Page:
'Don't Shoot' leaders not surprised by arrest

By Anna Yee

January 15, 2013 Updated Nov 3, 2013 at 2:49 AM CDT

PEORIA, Ill. -- Just last week, a Peoria gang member publicly pledged to our news station that he turned away from his criminal lifestyle.

Now, he's facing up to 45 years in prison.

"He failed, and so now he'll be punished accordingly," said Jerry Brady, the Peoria County State's Attorney.

Jerome Jones, 30, was one of the men singled out by the city's Don't Shoot program.

Last month, Peoria County State's attorney Jerry Brady and local law enforcement called on so-called "gang leaders" to spread a message: if any member commits a violent crime, the whole group will be punished, and if they want help to change their lives, the city is ready to support them with any services it can.

"It's anticipated that one of these gangs, one of these groups will try to challenge us," said Brady. "That's known from other cities, and when that challenge occurs, there has to be swift, consequential action."

Last week, Jones and two other men allegedly beat up, kidnapped, and robbed a man.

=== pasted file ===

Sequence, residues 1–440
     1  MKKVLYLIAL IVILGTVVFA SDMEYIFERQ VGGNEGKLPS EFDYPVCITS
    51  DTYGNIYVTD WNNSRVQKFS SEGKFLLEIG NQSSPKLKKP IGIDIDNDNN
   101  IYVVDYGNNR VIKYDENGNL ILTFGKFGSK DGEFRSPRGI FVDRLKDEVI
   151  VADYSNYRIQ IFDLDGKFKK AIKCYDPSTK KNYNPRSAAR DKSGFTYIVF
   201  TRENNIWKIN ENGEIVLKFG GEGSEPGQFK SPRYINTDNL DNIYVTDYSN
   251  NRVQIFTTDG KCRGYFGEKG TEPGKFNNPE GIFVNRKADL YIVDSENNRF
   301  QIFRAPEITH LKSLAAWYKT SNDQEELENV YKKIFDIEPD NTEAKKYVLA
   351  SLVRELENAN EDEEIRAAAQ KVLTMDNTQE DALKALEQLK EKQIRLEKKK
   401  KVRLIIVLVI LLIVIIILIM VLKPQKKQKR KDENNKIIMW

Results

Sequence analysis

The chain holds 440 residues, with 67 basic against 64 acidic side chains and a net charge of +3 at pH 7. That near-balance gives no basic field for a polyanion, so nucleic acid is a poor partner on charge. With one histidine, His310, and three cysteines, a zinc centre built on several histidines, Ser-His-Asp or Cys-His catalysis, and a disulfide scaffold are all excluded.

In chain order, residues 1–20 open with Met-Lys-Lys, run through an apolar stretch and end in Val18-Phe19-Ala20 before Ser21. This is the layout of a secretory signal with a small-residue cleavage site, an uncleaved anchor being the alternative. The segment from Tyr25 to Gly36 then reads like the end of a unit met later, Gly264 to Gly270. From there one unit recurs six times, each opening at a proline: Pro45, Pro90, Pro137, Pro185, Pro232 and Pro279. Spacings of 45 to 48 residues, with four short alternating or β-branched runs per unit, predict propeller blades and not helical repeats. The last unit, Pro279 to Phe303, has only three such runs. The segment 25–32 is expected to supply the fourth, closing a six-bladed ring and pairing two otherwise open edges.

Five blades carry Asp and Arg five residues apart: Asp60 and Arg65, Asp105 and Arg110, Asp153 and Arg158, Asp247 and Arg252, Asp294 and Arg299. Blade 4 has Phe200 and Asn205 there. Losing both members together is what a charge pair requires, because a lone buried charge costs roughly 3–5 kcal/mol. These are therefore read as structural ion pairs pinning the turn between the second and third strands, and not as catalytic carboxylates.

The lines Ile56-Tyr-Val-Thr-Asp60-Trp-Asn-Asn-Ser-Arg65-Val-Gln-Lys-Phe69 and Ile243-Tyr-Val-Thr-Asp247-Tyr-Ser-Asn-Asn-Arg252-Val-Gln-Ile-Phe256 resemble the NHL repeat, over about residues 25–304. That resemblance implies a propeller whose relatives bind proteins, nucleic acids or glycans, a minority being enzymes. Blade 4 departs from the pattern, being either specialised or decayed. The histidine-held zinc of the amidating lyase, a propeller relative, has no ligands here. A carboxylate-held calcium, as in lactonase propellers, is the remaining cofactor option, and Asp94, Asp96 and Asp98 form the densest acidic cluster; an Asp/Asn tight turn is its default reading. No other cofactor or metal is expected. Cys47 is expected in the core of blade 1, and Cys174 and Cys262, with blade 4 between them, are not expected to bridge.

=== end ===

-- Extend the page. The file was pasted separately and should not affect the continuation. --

Jones is now charged with with aggravated kidnapping and aggravated robbery, but he was in the midst of GED classes, job training and a parenting program.

When asked what went wrong, Krista McCavitt, the Peoria Police Department's volunteer resource coordinator, replied, "I can't-- I don't know. I don't have an answer for what transpired with Jerome. It was very shocking. It was upsetting as well, because he did show that sincerity, and he was taking great steps towards getting on a better path."

Nationwide the program has about a 20 percent response rate of those called in who actually seek help.

Out of Peoria's 28 offenders (and ex-offenders) called in, about 8 are currently utilizing services, plus two other people. (The resources are available for any ex-offender and family members, not just those chosen by authorities. To do so, call (309) 494-8233).

Officials say they still believe in the campaign and ask the public for patience.

"It's a strategy, said Brady. "It takes time. We're working through the strategy."

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